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Lawmakers debate letting SUNY schools set tuition

As the presidents of Long Island's five SUNY colleges anxiously work phones to Albany, the State Legislature is debating Gov. David A. Paterson's proposal to allow public campuses to set their own tuitions and keep more of that money.

The legislation would allow Stony Brook University and other large research campuses to break free from the state's one-size-fits-all tuition and charge more than smaller schools lacking major research facilities.

The State Senate appears close to passing the measure as part of the budget package, while the Assembly appears reluctant, Sen. Kenneth LaValle (R-Port Jefferson) said Monday. LaValle, who spent 30 years chairing the Senate Higher Education Committee and is now the ranking Republican, opposes the bill.

Paterson and SUNY Chancellor Nancy Zimpher say the initiative would allow SUNY to compete better with other leading state systems such as North Carolina and Pennsylvania. The legislation has divided local campuses, with top administrators ardently supporting the changes while some student leaders and professional unions object.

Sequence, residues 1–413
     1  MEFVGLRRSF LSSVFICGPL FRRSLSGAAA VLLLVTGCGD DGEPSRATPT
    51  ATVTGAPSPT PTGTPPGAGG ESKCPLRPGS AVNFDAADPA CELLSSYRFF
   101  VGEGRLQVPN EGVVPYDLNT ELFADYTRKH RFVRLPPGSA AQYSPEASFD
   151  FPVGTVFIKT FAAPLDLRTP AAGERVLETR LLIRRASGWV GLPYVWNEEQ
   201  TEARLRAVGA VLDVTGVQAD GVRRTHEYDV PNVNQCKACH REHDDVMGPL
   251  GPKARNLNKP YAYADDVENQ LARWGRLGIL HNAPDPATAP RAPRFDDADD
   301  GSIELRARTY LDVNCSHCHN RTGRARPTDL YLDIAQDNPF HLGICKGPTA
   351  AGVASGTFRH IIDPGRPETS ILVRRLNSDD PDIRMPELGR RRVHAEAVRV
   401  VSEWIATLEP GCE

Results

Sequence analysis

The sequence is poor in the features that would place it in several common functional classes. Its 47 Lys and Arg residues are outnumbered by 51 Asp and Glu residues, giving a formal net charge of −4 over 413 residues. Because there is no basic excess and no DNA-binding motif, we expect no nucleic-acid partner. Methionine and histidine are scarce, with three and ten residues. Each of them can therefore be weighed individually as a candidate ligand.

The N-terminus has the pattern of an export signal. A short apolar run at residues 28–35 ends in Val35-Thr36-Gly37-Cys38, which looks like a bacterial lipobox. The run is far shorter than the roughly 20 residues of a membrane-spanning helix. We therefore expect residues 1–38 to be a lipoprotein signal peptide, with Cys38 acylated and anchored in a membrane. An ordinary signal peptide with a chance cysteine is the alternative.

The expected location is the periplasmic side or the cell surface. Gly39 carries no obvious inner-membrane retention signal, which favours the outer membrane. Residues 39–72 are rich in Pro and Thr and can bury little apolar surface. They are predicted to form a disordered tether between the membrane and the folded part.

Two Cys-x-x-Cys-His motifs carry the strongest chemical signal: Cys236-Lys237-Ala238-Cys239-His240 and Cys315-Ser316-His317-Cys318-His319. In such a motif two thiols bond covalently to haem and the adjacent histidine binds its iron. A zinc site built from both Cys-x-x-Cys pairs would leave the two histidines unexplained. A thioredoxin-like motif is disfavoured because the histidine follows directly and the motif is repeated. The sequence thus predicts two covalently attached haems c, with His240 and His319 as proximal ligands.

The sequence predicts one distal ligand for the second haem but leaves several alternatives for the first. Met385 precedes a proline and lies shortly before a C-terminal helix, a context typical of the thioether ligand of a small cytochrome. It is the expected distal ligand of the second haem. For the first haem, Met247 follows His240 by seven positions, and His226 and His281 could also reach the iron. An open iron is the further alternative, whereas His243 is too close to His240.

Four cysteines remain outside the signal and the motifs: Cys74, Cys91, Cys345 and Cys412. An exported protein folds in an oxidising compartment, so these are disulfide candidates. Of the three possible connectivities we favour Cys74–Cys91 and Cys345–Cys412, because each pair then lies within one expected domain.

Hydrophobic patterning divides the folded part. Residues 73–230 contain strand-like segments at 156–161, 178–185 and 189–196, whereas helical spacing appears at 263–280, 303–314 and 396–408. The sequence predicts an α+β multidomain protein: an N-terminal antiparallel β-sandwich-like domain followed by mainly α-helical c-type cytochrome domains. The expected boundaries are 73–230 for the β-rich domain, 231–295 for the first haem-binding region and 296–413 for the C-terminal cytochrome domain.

"I'm hoping the Assembly can see how vital this is for Long Island and the state," said Dr. Samuel L. Stanley, president of Stony Brook University. Saying he has called legislators to enlist their support, Stanley said increasing tuition and being allowed to keep more of it would let the campus hire hundreds more faculty members and staff.

At the same time, he said, the legislation would allow Stony Brook to follow the lead of research universities around the country and form partnerships with businesses without going through the state bureaucracy.

At Farmingdale State College, president W. Hubert Keen called the legislation "a bold step that will give SUNY the tools to be a powerful economic engine."

But at SUNY Old Westbury, Candelario Franco, president of the United University Professions union, said he expects Stony Brook to charge three times more than the state's lesser-known public colleges, and that will limit the selections of working-class students.

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